I first applied homemade kajal when I visited an acquaintance many years ago. While I waited for my friend to get ready to head out, I chatted with her mother — a tall and slim, simple rural Haryanvi lady. As our mundane conversation veered towards the use of kajal, she mentioned that she had prepared some herself.
I had a vague idea about kajal being nothing but soot. But the small boxes available in the market contain a sticky substance which smeared, so I wasn’t quite sure. She showed me her preparation. The homemade kajal that I saw was, indeed, soot and a tad rough to the touch. I gingerly dipped my finger in it and applied it to the waterline of my eyes. To my surprise, it spread easily and gave a beautiful definition to my eyes. I wondered how she had made it, but our conversation was interrupted, and I didn’t get the chance to ask her.
Life has a funny way of answering our questions, and seemingly disconnected memories find themselves being connected into one big picture. I had shelved this memory of the homemade kajal in the corners of my brain. Until one fine day — on the first Deepavali after our wedding, to be precise — I saw my in-laws performing a puja.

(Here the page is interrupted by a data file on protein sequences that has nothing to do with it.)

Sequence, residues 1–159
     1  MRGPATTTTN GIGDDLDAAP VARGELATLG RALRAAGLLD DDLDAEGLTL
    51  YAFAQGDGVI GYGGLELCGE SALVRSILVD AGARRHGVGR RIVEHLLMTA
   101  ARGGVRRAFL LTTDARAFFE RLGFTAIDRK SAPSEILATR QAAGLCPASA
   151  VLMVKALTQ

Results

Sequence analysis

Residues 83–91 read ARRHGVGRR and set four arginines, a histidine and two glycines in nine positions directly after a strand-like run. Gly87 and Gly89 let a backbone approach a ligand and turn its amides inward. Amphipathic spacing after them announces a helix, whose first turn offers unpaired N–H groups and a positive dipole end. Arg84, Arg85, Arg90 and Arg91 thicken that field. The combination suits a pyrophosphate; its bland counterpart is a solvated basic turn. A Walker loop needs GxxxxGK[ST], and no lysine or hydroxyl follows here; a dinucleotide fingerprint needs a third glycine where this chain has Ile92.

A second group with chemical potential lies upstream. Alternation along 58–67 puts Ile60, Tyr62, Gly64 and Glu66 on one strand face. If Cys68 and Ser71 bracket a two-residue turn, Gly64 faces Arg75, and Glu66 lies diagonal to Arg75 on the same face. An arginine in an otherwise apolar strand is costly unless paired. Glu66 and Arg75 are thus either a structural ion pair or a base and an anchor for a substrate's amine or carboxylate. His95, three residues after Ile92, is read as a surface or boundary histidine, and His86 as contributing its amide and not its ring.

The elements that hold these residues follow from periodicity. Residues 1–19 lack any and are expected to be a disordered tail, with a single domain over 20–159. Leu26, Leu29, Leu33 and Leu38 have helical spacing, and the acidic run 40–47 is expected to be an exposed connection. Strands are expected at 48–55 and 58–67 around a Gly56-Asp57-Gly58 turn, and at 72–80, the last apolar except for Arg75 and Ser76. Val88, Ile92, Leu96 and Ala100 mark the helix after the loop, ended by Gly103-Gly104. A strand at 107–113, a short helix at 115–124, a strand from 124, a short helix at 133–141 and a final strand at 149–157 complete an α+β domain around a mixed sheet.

I saw them pray, and then light a large earthen lamp. They then placed an empty lamp, upside down atop the flame, supported by smaller lamps around the flame.
The next morning, I saw our own kajal, ready to be used.
This is post #13 in this year’s NaBloPoMo, or as Ra calls it Nano Poblano
NaBloPoMo = National Blog Posting Month = Thirty straight days of blogging
Diwali may have gone by, but that doesn’t stop me from posting about it 🙂
In this day of fairy lights and tea lights, the protagonist of Diwali, for me, is still the humble clay lamp, or the diya.
Diyas are usually soaked in water before oil is poured in. I’m not sure why, but I’m guessing it is to ensure that there are no air bubbles inside the earthen lamps, which would ‘drink’ a lot of oil!
This past Diwali, I caught dozens of diyas lazing on a weathered wooden table, drying under the sun after a nice soak. The contrasting colours and textures of the scene were quite different from what they would end up looking like at night!
In response to the Daily Post’s Weekly Photo Challenge: Rounded